“Entertaining Mr. Sloane”: Joe Orton’s Dark Sexual Comedy Returns to New York Stage






(This article originally appeared on The Huffington Post on 2/19/17.)

Joe Orton’s comedic pychodrama Entertaining Mr. Sloane was considered quite shocking when it came to the stage— first in Orton’s native England in 1964, and then on Broadway in 1965. A 1970 movie version, directed by Douglas Hickox, titillated potential ticket-buyers with the promises of “sadism, homosexuality, nymphomania, and murder!” Courtesy of Phoenix Theatre EnsembleEntertaining Mr. Sloane is enjoying a revival at New York City’s The Wild Project, directed by Craig Smith. Theater aficionados in The Big Apple in 2017 may have become unshockable, even with such tantalizing themes as “sadism, homosexuality, nymphomania and murder!” But even those who think they are unshockable will likely be left gasping— and guessing— throughout this lively new production. As Entertaining Mr. Sloane progresses, astute audience members will think they “figured out” just what’s going on with this quartet of likably unlikable characters, two of whom are fighting for the soul and sometimes the body of our fit title character. But then, the next scene will come along— and all the audience learns is that they haven’t even scratched the surface of this deliciously decadent piece of vintage vice.

As the audience waited for the actors, we were serenaded with the sounds of oh-so-innocent 60’s American pop classics like Be My Baby, Leader of the Pack, and Calendar Girl as we took in the play’s setting: “a house on the edge of a rubbish dump”. We soon meet the lady of the house: the “41” (ahem…)-year old Kath (Elise Stone), a buxom, matronly spinster. She’s interviewing a potential tenant: the 20-something Mr. Sloane (Matt Baguth). The dynamic between the two is bizarre from the get-go. Kath acts toward her strapping potential housemate with a mix of maternal instinct and not-so-veiled flirtation, with her wild eyes suggesting that she’s either a bit off-kilter, or highly libidinous, or both.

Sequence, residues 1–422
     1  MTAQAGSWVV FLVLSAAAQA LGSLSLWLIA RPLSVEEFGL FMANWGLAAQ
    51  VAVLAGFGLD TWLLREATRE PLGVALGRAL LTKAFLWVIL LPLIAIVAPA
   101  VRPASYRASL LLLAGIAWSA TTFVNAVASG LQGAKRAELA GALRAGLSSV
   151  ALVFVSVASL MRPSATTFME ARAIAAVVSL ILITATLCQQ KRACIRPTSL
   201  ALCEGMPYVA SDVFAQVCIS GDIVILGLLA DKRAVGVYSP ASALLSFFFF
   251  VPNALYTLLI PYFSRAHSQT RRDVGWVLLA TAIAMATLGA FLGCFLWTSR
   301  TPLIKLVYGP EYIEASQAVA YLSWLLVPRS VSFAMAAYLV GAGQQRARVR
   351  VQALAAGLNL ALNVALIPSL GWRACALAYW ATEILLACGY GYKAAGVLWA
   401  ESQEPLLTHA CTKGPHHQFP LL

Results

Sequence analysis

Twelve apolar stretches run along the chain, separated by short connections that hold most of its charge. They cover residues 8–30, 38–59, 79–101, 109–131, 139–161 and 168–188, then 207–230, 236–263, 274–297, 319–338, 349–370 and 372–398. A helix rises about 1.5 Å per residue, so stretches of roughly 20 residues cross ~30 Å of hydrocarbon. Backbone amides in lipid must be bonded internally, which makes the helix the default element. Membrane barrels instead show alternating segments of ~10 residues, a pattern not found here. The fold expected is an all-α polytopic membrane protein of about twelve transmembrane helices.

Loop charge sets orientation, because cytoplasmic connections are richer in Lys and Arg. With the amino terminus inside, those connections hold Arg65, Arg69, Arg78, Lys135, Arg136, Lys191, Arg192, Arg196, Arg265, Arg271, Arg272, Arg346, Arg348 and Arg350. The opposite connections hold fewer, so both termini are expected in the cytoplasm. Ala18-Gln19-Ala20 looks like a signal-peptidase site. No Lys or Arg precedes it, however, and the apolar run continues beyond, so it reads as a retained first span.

(Something is clearly going to happen between the two…)


We then meet Kath’s elderly father, Kemp (John Lenartz). Despite the fact that the older man is going blind, he thinks he recognizes Mr. Sloane (Cue the mysterious music…) , and tells a baiting story about an old friend of his who was murdered a while back by “a young man with very smooth skin”. The murderer was never found, and the case went cold. The tension between Sloane and Kemp builds up until the old man stabs the young one in the thigh with a fork. Sooner than we can say “No Sex Please, We’re British!”, Mr. Sloane is lying on the settee with his pants off, being nursed by a more-than-willing landlady who’s fascinated by his blond leg hairs. Kath clearly has not-so-motherly desires for Mr. Sloane (Later on, when Kath comes out in a sheer coral-colored nightgown and sprays perfume around the room, that pretty much says it all…), but the play soon welcomes the fourth character, who also takes an interest in the young man. It’s an interest, we suspect, which is not too different from his sister’s— but severely, shall we say, “coded” due to the taboos of that era. That character is Ed (Antonio Edwards Suarez), Kath’s well-off and somewhat imperious-acting brother, who’s fond of going away on men-only retreats and occasionally warns Sloane about his interest in “birds”, AKA women. (“It’s a phase, and with me behind you, you will grow out of it!”, he declares in one of the most delectable of double entendres.) Ed’s interest in Sloane manifests itself with his offering the younger man a job as his driver— and soon, Sloane’s look changes from “the lad next door” to counterculture “bad boy”, complete with tight black leather pants and matching chauffeur cap. The dynamic between Ed and Sloane S-L-O-W-L-Y becomes more intense than just employer and employee, with Ed “warning” Sloane about his “crafty tart” of a sister, and inviting his new protegee to come live with him.